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I plan to run a Roll20 one-shot Naheulbeuk game with players who may have very unbalanced characters, some of them way more powerful than others. Of course, it may leads to some problems, but my main concern here is with their reward at the end of the quest if they succeed it, since they will be using these characters in other GMs' games afterwards.

It will probably be a mix of gold coins (reward from the NPC who ask for their help) and loot objects got on the adventure. In any case, how can I make sure to not give overpowered items or treasure to the weakest character but still give substantial reward to the strongest? They will likely split any amount of gold in even parts between them, and try to share fairly between them items they will find by looting corpses and places they will encounter.

They will all use their characters with others game masters after my game, so I have be careful about not overpowering them.

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  • \$\begingroup\$ The conversation on the RPG Naheulbeuk has been moved to chat. \$\endgroup\$ – SevenSidedDie Apr 4 '18 at 18:49
  • \$\begingroup\$ Glad to see Naheulbeuk coming to rpg.se.com. Il faudra vraiment que je retente :) \$\endgroup\$ – aloisdg May 11 '18 at 10:27
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In any case, how can I make sure to not give overpowered items or treasure to the weakest character but still give substantial reward to the strongest?

Here is your question. A problem would be to give the wrong item to the wrong person. How to give the right item to the right person?

Use flavorful item

For example, if your high level player is a Paladin of Dlul and the low level player is an elf and they found a powerful pillow and quiver of quickness. They should be able to sort it out.

Use an NPC

During the season 2, the Elven Queen gave a lot of useful loot. She could have chosen what to give to each of them. "I offer this ring to the dwarf and this sword to the Barbarian." Galadriel from Lord of the Ring did exactly this.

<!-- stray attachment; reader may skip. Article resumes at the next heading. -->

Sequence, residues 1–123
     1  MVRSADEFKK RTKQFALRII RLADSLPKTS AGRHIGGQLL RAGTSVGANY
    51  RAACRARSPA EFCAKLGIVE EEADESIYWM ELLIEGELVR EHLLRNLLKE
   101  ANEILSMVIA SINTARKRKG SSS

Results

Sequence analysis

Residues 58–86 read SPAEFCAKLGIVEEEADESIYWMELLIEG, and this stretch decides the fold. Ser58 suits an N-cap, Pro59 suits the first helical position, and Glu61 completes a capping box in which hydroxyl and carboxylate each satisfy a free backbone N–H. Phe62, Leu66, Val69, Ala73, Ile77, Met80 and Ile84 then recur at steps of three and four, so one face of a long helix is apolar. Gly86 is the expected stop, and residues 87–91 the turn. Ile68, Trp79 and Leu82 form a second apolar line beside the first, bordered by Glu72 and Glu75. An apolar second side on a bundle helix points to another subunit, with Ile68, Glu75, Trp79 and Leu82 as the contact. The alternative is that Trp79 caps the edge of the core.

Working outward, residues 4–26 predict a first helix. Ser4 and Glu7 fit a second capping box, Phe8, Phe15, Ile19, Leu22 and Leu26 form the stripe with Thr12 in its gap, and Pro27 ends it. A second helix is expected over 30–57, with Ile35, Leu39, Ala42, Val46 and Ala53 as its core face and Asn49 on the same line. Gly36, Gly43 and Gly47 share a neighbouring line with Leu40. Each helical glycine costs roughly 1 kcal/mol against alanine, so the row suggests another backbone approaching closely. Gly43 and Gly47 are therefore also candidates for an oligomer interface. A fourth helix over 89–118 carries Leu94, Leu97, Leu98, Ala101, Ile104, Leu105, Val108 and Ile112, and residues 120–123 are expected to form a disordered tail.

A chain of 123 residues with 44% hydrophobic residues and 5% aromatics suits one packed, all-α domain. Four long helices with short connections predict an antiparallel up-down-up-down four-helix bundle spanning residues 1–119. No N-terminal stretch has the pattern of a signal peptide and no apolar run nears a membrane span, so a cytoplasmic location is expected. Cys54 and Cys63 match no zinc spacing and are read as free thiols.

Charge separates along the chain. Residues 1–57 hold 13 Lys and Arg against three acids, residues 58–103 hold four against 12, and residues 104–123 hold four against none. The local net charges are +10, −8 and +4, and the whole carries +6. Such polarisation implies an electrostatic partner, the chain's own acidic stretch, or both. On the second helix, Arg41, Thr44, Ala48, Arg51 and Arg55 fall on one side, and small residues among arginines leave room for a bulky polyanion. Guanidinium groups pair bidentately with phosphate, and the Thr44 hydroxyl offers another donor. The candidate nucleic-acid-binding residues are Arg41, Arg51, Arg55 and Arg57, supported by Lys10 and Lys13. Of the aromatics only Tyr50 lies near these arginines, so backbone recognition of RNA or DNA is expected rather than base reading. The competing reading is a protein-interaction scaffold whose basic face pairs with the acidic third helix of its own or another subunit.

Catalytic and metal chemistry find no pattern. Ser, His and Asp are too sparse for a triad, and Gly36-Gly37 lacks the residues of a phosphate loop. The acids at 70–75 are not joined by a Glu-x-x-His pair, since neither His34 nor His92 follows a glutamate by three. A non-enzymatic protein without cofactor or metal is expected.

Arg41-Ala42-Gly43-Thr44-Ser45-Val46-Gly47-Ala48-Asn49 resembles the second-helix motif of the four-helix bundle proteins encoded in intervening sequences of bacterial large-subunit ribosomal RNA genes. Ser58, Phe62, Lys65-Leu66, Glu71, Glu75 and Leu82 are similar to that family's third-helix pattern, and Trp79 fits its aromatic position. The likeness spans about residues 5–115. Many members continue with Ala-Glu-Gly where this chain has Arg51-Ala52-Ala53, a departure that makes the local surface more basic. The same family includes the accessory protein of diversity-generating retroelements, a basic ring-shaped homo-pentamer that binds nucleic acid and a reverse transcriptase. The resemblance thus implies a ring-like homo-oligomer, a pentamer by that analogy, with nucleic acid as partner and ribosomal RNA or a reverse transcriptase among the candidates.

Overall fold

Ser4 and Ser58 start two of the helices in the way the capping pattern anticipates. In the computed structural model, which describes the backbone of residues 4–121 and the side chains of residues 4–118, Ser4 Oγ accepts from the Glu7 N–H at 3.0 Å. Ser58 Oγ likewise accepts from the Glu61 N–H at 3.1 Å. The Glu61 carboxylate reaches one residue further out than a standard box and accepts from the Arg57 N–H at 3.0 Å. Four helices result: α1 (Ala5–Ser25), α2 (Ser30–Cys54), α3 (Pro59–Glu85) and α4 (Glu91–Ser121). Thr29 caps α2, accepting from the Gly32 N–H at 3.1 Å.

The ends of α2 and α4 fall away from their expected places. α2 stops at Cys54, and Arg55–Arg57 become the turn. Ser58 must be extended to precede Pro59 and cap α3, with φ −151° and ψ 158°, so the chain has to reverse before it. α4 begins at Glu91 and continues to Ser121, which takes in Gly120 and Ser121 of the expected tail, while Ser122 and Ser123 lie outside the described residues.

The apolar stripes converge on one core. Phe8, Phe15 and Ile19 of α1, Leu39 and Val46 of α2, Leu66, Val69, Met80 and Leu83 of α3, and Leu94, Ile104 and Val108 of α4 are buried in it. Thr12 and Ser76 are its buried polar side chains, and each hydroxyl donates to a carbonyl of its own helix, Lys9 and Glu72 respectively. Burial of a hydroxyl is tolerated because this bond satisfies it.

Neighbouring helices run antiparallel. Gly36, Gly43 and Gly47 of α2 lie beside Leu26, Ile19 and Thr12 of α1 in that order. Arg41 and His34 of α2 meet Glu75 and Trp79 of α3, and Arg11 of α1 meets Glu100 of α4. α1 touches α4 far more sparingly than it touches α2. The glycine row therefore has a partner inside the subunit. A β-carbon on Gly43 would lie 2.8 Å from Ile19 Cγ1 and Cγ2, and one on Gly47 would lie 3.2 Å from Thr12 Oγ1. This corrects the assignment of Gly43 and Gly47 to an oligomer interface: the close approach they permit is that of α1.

Use an in game deus ex

Ok. I dont recommend this one. The Dungeon of Naheulbeuk is a parody. If you have an overpowered player, it is a problem easy to fix. Remove it. La caisse des donjons could come and say that this item is an error and that it should come back to its rightful owner. You can say that Krom like the sword and during a revelation ask for it. This game is an humerous one. Feel free to invent a funny deus ex.

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    \$\begingroup\$ Thanks for your answer. But about flavorful items, what if a dwarf (or any character with radin perk) take it first and refuse to give it to its designed owner ? For instance, if the group find a powerful spell book designed for a wizard, how to prevent a dwarf from finding it first and sell it for 6 gold coins and a chicken sandwich (or more) ? \$\endgroup\$ – Aracthor May 16 '18 at 12:13
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    \$\begingroup\$ Your player is playing as I think a Naheulbeuk's dwarf should play. You should never forget about the notion of prorata. Make the dwarf pay for healing spell for example. Arguing and haggling is a core part of the roleplay of a dwarf, but any player can enter in this kind of ritual. I know a chicken sandwich means a lot (even a half-one), but I think you should not remove this from the players. Let them roleplay it. At least for non breaking items. For items that really matter, maybe really on an NPC. \$\endgroup\$ – aloisdg May 16 '18 at 13:59
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My suggestion would be to try to find side quests or separate the group if possible.

One way to do this would be through a faction system, getting the low level PCs enrolled into these factions and being given resources for it. (For example, in my campaign of 3rd level players I had one player falling behind in levels join a faction of thieves, and be given a +2 dagger in return for working for their cause and bringing them a spell component only found in the next dungeon.)

However this solution may not work if the character is used with multiple different GMs, so I would ask them about the idea first.

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